LAWRENCE — Some essential workers might agree to work a certain job for money. Some might do so out of a sense of duty. Others might be pressured to say “yes” to their work.
“Honestly, who can easily walk away from the job without any backup plan or compensation?” said Akiko Takeyama, associate professor of women, gender & sexuality studies at the University of Kansas. “But once they willingly give consent, they become responsible for their decision-making and any consequences, including infection from COVID-19.”
Takeyama recently explored this concept in a chapter concerning “Self-Ownership, Consent and Contractual Abuses in Japan’s Adult Video Industry” found in the book “Feminist and Queer Theory” (Oxford University Press, 2020). When the pandemic hit, she noticed the similarities between the choices faced by female essential services workers and women in the adult film industry.
“Many young women are structurally maneuvered to perform in adult video, giving their involuntary consent mainly for monetary reasons. As a result, society has tended to hold them responsible for the social discrimination, blackmail, stress-related depression and other issues that typically come with involvement in AV,” she said.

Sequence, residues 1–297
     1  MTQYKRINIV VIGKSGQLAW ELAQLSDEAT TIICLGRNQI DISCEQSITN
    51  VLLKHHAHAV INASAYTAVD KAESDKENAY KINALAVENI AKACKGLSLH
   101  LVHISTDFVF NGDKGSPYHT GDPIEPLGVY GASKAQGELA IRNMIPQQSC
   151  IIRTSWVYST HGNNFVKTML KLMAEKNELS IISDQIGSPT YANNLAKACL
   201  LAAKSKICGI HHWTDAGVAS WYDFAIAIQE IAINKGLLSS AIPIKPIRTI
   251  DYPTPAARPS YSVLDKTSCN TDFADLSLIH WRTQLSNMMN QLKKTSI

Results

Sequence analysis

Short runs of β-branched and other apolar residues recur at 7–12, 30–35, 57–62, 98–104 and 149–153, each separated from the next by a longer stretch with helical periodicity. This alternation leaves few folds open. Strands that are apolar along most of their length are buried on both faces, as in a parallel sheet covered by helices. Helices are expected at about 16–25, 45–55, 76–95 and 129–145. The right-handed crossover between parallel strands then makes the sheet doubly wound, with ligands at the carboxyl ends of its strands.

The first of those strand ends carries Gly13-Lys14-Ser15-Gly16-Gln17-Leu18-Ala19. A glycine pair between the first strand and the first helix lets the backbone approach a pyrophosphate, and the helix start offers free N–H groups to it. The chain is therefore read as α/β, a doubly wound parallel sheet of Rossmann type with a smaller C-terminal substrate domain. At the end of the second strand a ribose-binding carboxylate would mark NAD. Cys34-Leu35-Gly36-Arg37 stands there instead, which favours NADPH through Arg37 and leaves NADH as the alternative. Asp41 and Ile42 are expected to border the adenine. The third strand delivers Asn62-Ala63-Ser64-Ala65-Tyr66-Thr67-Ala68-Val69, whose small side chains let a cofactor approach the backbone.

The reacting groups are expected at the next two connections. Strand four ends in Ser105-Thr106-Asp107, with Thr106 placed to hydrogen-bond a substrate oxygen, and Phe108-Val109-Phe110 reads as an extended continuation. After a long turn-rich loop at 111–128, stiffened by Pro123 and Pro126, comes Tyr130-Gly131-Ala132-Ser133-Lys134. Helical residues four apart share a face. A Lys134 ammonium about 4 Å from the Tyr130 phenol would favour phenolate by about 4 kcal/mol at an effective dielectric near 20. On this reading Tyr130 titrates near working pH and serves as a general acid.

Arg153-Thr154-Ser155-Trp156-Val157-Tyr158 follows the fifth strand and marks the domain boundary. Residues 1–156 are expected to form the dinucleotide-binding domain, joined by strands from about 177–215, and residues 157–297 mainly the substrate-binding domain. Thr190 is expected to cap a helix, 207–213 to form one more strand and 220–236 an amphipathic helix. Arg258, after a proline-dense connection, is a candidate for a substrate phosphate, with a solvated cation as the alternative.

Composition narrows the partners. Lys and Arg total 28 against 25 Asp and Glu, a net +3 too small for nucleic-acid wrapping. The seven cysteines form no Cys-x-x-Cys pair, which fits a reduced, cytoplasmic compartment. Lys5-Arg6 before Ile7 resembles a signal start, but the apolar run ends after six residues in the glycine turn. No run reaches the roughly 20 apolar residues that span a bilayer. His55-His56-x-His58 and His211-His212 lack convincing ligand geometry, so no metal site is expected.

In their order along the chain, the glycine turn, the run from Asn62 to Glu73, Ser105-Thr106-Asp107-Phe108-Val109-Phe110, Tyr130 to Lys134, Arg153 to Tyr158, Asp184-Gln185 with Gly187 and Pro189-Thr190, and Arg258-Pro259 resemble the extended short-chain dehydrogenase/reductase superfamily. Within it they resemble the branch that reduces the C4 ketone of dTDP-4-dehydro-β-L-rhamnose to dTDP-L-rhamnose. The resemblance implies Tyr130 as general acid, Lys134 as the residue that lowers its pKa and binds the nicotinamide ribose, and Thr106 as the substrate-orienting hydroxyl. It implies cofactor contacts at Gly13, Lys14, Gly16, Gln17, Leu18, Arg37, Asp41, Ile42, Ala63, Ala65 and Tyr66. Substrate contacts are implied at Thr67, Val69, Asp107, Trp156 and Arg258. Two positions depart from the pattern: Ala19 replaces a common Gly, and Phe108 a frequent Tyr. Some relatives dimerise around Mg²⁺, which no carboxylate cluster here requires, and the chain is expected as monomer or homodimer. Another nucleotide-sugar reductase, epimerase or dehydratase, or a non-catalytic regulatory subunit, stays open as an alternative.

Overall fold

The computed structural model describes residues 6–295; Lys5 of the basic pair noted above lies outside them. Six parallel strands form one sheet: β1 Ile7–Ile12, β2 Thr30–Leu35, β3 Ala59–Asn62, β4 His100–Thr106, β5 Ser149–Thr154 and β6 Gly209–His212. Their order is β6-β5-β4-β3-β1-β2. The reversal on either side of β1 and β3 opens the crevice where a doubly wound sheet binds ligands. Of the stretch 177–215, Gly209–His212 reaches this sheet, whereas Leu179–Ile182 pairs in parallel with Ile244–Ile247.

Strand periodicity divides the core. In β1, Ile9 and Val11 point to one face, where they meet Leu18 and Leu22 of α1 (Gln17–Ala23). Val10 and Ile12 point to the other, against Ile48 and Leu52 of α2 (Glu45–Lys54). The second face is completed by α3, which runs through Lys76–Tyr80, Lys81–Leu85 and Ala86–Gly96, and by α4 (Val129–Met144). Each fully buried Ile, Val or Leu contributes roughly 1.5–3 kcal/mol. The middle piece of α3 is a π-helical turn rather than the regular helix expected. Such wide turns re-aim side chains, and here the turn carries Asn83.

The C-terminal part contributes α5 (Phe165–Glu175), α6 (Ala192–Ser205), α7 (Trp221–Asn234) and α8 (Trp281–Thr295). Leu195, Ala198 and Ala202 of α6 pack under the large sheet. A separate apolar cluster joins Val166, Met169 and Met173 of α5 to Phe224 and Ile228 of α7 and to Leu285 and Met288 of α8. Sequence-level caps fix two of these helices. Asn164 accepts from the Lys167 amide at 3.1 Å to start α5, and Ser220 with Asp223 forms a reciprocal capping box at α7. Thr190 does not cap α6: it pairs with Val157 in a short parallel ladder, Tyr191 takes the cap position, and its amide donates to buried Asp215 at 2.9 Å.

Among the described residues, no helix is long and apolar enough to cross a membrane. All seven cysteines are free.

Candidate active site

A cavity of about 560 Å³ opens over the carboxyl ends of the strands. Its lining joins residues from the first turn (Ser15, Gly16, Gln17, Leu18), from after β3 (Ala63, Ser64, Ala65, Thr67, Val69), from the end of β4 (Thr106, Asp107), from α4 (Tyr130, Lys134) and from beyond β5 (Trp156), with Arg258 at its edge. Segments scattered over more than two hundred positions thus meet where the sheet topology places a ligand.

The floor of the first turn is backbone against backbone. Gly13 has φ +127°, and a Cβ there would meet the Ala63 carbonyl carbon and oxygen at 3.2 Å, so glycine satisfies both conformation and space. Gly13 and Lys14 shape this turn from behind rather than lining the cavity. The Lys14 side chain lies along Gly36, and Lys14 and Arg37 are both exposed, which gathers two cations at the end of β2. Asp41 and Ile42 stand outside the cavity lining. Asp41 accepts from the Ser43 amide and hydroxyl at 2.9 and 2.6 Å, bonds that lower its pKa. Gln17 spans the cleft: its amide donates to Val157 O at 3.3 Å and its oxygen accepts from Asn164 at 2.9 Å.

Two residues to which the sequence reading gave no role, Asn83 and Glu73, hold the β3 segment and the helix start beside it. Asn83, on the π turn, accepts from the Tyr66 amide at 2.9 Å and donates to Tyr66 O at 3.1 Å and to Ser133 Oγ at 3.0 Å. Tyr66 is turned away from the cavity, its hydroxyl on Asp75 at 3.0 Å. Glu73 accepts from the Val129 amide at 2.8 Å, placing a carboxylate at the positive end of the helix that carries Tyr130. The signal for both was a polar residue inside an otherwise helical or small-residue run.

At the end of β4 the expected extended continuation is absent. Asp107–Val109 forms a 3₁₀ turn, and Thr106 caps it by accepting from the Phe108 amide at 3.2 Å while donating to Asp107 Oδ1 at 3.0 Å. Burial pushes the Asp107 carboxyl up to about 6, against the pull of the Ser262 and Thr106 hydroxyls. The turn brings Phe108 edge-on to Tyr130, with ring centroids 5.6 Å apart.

Similarly, during the COVID-19 pandemic, she explains that essential workers compelled to provide necessary work in health care, food service, agriculture, transportation and many other areas do so often under the pressure of involuntary consent.
“They are not forced to provide essential work, but it’s not completely voluntary, either,” she said. “Ultimately, they are trapped by society’s structural inequities.”
Takeyama is the author of the 2016 book “Staged Seduction: Selling Dreams in a Tokyo Host Club.” Her upcoming book is titled “Involuntary Consent: Sexual Labor and Legal Fictions in Japan’s Adult Video Industry.”
“When people think about consent they tend to think in the binary opposites: whether they are voluntarily giving consent or being forced to do so. This binary thinking does not allow for such cases where one is not quite forced but not quite voluntarily giving consent, either. I call this ‘involuntary consent,’” she said.
She cites common examples of involuntary consent to be cash payment, future opportunities or something else out of a sense of obligation.
“Also, consent is usually asked by those in power, not the other way around,” she said.
To schedule an interview with Takeyama, contact KU News Service public affairs officer Jon Niccum at firstname.lastname@example.org.